3. Instead of exiting after dumping the crash report, Recoverable GWP-ASan allows memory corruption to occur, and the app continues running. While the process may continue as usual, the app's behavior is no longer specified. Due to the memory corruption, the app may crash at some arbitrary point in the future, or it may continue without any user-visible impact.
  4. Recoverable GWP-ASan is disabled after the crash report is dumped. Therefore, an app can get only a single Recoverable GWP-ASan report per app launch.
  5. If a custom signal handler is installed in the app, it's never called for a SIGSEGV signal that's indicative of a Recoverable GWP-ASan fault.

Because Recoverable GWP-ASan crashes indicate real instances of memory corruption on end-user devices, we highly recommend triaging and fixing bugs identified by Recoverable GWP-ASan with a high priority.

Developer support

These sections outline issues that might occur when using GWP-ASan and how to address them.

Allocation/deallocation traces are missing

If you are diagnosing a native crash that appears to be missing allocation/deallocation frames, your application is likely missing frame pointers. GWP-ASan uses frame pointers to record allocation and deallocation traces for performance reasons, and is unable to unwind the stack trace if they are not present.

Frame pointers are on by default for arm64 devices, and off by default for arm32 devices. Because applications don't have control over libc, it is (in general) not possible for GWP-ASan to collect allocation/deallocation traces for 32-bit executables or apps. 64-bit applications should ensure that they are not built with -fomit-frame-pointer so that GWP-ASan can collect allocation and deallocation stack traces.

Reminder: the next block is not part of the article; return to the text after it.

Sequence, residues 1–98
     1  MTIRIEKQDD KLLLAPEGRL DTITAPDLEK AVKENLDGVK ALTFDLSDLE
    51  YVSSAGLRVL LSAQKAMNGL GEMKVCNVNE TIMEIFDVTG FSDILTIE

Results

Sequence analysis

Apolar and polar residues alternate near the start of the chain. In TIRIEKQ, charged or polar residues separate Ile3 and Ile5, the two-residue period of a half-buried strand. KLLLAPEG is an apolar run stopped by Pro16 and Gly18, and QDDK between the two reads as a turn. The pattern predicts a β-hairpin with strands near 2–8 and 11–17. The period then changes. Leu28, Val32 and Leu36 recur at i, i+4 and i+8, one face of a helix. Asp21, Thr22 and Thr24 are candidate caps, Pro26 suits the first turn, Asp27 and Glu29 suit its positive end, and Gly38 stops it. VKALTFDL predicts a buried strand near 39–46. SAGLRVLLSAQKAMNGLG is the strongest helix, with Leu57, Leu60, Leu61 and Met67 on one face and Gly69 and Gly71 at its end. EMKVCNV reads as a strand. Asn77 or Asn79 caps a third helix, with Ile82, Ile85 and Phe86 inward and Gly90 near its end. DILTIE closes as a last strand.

Reproducing safety violations

GWP-ASan is designed to catch heap memory safety violations on user devices. GWP-ASan provides as much context as possible about the crash (access trace of the violation, cause string, and allocation/deallocation traces), but it might still be hard to deduce how the violation occurred. Unfortunately, as the bug detection is probabilistic, GWP-ASan reports are often tricky to reproduce on a local device.

In these instances, if the bug affects 64-bit devices, you should use HWAddressSanitizer (HWASan). HWASan detects memory safety violations reliably on stack, heap, and globals. Running your application with HWASan might reliably reproduce the same result that's being reported by GWP-ASan.